Friday, April 20, 2007

The Undercover Economist + A Spot of Bother + ...

Some more reviews of books I've read recently ...

1. "The Undercover Economist" by Tim Harford

This is a great introduction to basic Economics.  If I had my way
economics would be a compulsory subject in high school.  I studied
economics at Uni and this book was a great refresher.  It's aimed at
the economic novice, providing good real-world examples, e.g.:

* why it's hard to buy a decent used car
* why supermarkets change their prices so often (hint: it's not because
  they're being generous with their "specials")
* why market-based US health insurance is so expensive
* why free universal medical care in the UK leads to lack of choice
* why unchecked pollution and emissions are bad economics
* why free trade is a good thing
* why coffee is so expensive at a busy railway station
(In fact, coffee is a recurring "character" in the book.)

The book explains important and useful economic concepts in everyday
language.  The writing is clear and engaging, and tries to avoid too
much economic jargon.  Believe me, once armed with some basic economics,
you'll get a new insight into how the world operates.

The book tries to be politically-neutral, as economics should be.  And
economics is more than just numbers.  As the author states in his
  "In the end, economics is about people - something that economists
   have done a very bad job of explaining.  And economic growth is
   about a better life for individuals - more choice, less fear, less
   toil and hardship."

Reading this book will make you laugh (or cry?) when politicians argue
that the markets always achieve the best economic outcome.  The book
also points out that governments can do a lot of harm with their
economic policies, despite the best of intentions.  I would speculate
that our Prime Minister and Treasurer (both lawyers by training) would
actually struggle with a first year economics exam if they had to sit
one today.  In particular, the fact that they argue that setting
emissions targets would "harm our economy" fails to acknowledge that
pollution and emissions are classic examples of market failure, and
hence causes of economic inefficiency.  Any first year can tell you

2. "A Spot of Bother" by Mark Haddon

I was looking forward to reading this book, having read the author's
previous book ("The Curious Incident of the Dog in the Night-Time")
a few years ago.  Unfortunately, this latest book failed to provide
anywhere near as much enjoyment.  I actually found reading it a little
depressing - not exactly what I needed at the moment.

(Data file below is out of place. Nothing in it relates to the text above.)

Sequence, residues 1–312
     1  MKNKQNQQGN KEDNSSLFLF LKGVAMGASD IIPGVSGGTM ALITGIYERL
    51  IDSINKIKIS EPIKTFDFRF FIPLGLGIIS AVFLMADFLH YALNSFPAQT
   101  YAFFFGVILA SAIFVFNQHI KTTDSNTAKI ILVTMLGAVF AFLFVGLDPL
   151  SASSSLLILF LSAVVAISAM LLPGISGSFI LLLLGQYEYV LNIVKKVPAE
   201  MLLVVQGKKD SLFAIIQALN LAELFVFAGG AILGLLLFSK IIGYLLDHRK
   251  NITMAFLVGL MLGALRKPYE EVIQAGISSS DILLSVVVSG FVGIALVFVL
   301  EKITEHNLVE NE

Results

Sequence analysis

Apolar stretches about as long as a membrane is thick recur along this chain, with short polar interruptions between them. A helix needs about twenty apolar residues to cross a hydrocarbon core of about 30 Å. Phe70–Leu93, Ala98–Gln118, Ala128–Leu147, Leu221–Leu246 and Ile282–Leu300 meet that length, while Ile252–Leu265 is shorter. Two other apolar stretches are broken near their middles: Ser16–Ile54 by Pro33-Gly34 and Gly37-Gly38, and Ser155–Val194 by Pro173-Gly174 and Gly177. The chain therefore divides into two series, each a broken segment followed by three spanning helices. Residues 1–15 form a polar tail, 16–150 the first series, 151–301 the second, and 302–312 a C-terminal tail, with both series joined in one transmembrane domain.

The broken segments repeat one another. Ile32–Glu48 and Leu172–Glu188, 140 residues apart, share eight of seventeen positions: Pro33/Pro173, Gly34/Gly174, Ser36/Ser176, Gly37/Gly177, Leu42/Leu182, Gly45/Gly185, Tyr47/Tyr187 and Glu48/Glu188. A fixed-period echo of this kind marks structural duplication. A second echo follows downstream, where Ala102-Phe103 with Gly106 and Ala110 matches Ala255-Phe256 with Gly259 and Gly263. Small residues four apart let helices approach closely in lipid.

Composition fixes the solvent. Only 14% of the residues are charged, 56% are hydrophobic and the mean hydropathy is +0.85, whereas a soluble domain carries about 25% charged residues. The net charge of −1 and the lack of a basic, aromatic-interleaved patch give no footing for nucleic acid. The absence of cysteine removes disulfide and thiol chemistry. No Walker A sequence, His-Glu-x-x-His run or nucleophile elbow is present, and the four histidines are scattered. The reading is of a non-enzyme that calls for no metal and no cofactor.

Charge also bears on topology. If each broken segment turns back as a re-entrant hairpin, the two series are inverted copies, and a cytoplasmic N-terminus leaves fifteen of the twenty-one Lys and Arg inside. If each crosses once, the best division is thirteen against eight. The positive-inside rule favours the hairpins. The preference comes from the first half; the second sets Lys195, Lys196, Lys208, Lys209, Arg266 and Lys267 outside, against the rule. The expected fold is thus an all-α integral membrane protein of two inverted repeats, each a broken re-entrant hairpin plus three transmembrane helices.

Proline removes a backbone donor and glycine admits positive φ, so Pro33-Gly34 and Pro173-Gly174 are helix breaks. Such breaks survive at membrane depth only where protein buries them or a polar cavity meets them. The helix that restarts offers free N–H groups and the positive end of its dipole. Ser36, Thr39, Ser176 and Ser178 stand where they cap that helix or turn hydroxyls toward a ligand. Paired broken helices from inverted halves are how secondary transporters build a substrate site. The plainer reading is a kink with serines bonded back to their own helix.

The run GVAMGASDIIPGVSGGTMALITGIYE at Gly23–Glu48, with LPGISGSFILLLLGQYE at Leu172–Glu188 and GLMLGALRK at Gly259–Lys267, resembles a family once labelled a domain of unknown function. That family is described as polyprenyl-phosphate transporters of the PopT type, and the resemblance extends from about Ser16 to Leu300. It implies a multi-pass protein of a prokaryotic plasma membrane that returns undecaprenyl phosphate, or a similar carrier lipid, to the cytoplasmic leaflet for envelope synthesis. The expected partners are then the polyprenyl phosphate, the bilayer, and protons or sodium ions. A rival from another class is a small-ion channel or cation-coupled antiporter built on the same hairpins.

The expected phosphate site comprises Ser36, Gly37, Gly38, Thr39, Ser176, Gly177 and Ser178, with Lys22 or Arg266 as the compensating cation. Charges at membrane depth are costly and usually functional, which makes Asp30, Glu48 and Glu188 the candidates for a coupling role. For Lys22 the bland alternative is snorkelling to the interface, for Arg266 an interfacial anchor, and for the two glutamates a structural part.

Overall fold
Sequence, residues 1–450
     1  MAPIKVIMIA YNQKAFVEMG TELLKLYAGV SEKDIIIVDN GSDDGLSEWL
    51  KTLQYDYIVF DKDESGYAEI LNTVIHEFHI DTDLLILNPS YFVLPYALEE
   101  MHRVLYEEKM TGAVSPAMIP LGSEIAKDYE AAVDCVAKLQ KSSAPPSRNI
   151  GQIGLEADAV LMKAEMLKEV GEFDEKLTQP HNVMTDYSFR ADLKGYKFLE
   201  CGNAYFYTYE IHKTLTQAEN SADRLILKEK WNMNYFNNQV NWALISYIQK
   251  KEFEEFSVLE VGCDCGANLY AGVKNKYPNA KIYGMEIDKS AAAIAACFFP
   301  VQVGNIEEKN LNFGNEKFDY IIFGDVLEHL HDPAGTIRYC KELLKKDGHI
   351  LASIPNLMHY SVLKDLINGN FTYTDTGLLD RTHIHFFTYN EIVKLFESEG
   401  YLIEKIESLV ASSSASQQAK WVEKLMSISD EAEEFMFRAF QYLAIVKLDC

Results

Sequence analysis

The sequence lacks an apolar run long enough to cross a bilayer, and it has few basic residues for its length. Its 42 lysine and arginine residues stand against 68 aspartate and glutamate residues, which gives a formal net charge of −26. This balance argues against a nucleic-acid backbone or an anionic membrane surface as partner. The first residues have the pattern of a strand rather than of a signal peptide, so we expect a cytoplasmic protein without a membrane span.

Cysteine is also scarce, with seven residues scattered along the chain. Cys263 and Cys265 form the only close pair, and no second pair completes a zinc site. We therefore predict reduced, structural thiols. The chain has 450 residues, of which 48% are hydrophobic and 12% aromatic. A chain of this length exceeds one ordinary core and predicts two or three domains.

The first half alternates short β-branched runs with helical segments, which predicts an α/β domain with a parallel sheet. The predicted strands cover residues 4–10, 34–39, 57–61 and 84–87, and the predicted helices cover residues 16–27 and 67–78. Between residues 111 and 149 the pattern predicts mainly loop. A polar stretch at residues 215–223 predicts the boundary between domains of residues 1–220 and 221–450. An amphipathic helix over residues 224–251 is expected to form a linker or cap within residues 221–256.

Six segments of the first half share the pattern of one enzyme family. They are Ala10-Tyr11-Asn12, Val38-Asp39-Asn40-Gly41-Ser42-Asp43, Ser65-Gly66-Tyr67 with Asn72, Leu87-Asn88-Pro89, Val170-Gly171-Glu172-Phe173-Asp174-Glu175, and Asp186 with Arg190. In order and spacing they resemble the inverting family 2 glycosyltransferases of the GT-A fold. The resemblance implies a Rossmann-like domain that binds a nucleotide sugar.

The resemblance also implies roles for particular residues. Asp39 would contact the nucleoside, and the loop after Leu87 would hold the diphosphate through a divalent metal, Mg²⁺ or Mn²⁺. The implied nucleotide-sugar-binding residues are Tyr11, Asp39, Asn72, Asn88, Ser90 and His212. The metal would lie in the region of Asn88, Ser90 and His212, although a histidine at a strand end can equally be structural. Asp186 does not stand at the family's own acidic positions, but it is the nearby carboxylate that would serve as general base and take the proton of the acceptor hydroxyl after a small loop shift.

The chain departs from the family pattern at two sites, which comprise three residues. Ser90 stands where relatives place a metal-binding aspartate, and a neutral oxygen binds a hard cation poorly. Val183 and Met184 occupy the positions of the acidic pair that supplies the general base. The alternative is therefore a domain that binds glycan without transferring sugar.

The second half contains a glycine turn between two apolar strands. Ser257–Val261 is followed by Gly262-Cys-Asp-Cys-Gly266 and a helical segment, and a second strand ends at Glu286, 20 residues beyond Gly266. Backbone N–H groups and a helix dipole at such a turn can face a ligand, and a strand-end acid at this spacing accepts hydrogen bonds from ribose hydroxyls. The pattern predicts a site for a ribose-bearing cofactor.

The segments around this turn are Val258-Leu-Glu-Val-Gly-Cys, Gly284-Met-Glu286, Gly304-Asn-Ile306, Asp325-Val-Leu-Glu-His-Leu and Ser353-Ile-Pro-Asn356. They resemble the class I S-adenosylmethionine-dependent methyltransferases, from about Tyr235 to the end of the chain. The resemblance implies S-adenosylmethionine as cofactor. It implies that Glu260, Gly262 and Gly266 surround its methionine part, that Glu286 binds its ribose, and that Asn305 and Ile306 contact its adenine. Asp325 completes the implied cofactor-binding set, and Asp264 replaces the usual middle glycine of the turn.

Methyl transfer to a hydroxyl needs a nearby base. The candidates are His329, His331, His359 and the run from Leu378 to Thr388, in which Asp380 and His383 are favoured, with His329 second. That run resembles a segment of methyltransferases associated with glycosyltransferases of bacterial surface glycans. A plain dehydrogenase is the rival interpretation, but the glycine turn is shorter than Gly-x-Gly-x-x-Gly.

None of the characters is particularly likeable, and it was hard to
have any sympathy for any of their plights.  The plot is a bit like
an average family soap opera.  Retired father is a hypochondriac and
appears to be going insane.  His wife is having an affair with his ex-
colleague.  Their divorced daughter is agonising over marrying a boring
but stable boyfriend.  And how predictable, their gay son is having his
own relationship issues.  I won't give away the ending, but the moral
is summed up at the end of chapter 124: "Perhaps the secret (to life)
was to stop looking for greener grass.  Perhaps the secret was to make
the best of what you had."  Hmmm, how original!

Fortunately, the book itself is quite easy to read, despite the almost
400 pages.  The chapters are many but short.  It's well-written, I
guess.  Sounds like faint praise, but it's hard to give the book
anything more than that.

I'd recommend you read the author's previous novel instead:

It's about a 15 year-old boy with Asperger's Syndrome (a form of
autism).  He decides to investigate the murder of a neighbour's dog.
Being told from the boy's perspective, the story gives interesting
insights into how an autistic child thinks.  As one of the reviews
mentions, it is a sort of "coming of age" or odyssey for the boy.

3. "Six Walks in the Fictional Woods" by Umberto Eco

This is the book about reading I mentioned in the past.  At times it
was a bit theoretical and dry, but overall it was well worth it.  By
examining particular works, it provides some pointers to other books I
might find interesting to read.  And I might just think about the way
books are written and how I interpret them.

4. "Agile Web Development with Rails" by Dave Thomas

This is a technical book about web development.  I mention it here
because it happens to be a very good technical book about web
development :)  The first part of the book is a tutorial which shows
you how you can use the excellent Ruby on Rails web framework to
quickly and easily build a good-looking and functional web application.
The bulk of the book then describes the various libraries provided by
Ruby on Rails (RoR).  Reading this book was a great way to fill in the
gaps in my knowledge of RoR.